The Internet of Things (IoT) Cybersecurity Improvement Act of 2020, passed by the House of Representatives on September 14th, highlights the risks associated with the growing usage of internet-connected devices (i.e., any object capable of being connected to the Internet and collecting, sending, or receiving data) and establishes a hierarchy of responsibility for protecting federal agencies against cyberattacks through IoT devices. Moving forward, the Act would require federal agencies and suppliers to only use IoT devices that meet established security standards. IoT devices could pose a substantial risk to national privacy and security if left unregulated. For example, in 2017, the federal government found that Chinese-made IoT security cameras were using previously undetected backdoor communications to “call home” to their manufacturers. This created a risk of sensitive government information being visible to geopolitical rivals. If passed, the IoT Cybersecurity Improvement Act would help remedy vulnerabilities in national cybersecurity and also set an example for private industry to follow when creating its own policies concerning IoT devices.
Personalized Media Communications LLC (PMC) filed a patent infringement suit against Google LLC in the U.S. District Court for the Eastern District of Texas, asserting that Google had infringed seven of its patent claims on adaptive video streaming. Specifically, the seven claims came from four patents for improving the quality of video broadcast over the internet. Google argued that it was cleared of liability for direct or induced infringement, as many of the method steps contained in the patent claims would have to be performed by YouTube’s end users, not Google itself. The jury voted that no infringement had occurred, delivering Google a successful defense against the patent infringement suit.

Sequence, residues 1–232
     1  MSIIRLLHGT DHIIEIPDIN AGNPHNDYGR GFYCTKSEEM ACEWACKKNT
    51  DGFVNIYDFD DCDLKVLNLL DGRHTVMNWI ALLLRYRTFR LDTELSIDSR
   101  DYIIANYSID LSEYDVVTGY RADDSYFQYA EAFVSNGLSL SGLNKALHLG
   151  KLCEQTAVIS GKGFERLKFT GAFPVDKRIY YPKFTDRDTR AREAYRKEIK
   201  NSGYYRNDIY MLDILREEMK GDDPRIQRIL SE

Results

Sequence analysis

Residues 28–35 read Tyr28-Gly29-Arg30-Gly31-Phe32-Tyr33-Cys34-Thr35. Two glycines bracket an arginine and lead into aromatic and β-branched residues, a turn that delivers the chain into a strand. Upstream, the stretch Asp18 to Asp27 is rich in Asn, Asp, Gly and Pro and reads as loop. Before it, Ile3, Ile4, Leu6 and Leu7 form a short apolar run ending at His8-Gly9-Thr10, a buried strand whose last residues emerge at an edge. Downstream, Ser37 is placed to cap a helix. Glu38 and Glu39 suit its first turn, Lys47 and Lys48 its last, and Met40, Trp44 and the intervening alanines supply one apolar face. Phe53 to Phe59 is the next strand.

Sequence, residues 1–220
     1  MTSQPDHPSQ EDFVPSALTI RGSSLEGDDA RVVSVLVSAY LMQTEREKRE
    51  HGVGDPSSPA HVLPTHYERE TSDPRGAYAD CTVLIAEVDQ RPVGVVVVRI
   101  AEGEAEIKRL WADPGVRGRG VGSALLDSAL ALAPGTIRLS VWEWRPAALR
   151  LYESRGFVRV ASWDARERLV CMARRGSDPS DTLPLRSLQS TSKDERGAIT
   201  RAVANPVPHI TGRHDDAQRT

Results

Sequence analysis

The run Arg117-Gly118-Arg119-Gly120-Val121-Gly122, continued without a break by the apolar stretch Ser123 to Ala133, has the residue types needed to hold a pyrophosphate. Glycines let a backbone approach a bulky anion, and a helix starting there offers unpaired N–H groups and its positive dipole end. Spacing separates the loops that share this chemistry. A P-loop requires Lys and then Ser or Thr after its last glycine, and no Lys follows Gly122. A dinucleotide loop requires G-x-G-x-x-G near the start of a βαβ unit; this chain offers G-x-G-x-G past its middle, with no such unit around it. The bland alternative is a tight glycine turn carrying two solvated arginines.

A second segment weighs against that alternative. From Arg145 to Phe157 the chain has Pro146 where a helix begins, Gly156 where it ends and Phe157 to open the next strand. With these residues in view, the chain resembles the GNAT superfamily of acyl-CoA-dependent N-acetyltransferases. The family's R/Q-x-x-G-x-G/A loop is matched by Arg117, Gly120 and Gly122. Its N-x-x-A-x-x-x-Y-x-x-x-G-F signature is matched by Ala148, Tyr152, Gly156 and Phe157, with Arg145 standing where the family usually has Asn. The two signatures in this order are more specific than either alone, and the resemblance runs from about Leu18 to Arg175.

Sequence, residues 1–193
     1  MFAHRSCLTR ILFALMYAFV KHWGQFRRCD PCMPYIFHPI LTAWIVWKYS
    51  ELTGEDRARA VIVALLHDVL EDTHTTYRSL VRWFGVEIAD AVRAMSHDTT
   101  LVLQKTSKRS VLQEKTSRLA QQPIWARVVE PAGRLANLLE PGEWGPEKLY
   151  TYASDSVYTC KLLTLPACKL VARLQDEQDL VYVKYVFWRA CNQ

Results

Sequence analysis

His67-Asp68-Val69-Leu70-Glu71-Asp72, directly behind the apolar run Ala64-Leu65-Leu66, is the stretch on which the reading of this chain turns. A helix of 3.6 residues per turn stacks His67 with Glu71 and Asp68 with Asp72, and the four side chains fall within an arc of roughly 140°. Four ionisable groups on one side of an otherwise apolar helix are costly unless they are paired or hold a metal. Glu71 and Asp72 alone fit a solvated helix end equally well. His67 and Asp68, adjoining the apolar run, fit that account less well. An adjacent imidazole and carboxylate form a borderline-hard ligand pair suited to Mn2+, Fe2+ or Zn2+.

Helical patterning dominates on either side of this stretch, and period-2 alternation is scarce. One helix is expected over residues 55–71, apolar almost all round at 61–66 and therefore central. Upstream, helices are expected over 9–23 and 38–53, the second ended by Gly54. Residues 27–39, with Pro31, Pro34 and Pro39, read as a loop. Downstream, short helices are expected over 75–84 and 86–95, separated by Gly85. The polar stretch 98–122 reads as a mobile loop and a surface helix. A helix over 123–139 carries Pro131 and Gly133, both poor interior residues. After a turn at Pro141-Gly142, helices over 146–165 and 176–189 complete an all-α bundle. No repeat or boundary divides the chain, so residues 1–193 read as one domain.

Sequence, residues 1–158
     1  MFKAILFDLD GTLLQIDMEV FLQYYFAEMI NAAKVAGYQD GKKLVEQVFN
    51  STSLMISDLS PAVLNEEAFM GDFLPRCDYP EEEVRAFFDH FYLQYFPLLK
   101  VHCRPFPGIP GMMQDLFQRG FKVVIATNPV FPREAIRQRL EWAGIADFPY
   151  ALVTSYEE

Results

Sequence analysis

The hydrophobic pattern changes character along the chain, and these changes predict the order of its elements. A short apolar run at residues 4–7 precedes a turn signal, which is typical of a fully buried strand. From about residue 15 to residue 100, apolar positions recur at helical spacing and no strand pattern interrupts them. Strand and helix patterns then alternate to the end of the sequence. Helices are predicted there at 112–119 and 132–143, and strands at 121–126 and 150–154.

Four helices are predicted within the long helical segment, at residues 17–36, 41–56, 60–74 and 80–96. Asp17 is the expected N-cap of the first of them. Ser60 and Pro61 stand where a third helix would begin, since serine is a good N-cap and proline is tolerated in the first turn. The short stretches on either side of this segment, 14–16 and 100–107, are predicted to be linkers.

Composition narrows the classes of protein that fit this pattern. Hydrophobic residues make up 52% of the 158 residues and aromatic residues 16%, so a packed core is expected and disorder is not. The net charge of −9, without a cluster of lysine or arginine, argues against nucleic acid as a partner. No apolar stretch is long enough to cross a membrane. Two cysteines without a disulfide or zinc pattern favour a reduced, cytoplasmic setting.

The Committee on Foreign Investment in the U.S., a Treasury Department panel that monitors cross-borders mergers and acquisitions, granted TikTok a 15-day extension to its divestiture deadline with the new deadline set to November 27th. This extension comes amidst an ongoing legal battle between TikTok and the Trump administration that is likely to continue for weeks. TikTok has filed in the U.S. Court of Appeals for the D.C. Circuit in an attempt to invalidate the divesture order. The initial pleadings are set to be filed in December, and potentially beyond, setting the stage for drawn-out litigation.
The Federal Trade Commission (FTC) and Zoom Video Communications Inc. (Zoom) reached a settlement in a case brought by the FTC alleging that Zoom had not provided users a level of data encryption that they had been promised. The settlement will require Zoom to review its product for any security concerns and receive a third-party assessment every other year of its progress in improving its encryption levels. The FTC’s order will stand for 20 years, and any violation of it could lead to a penalty of $40,000 or more.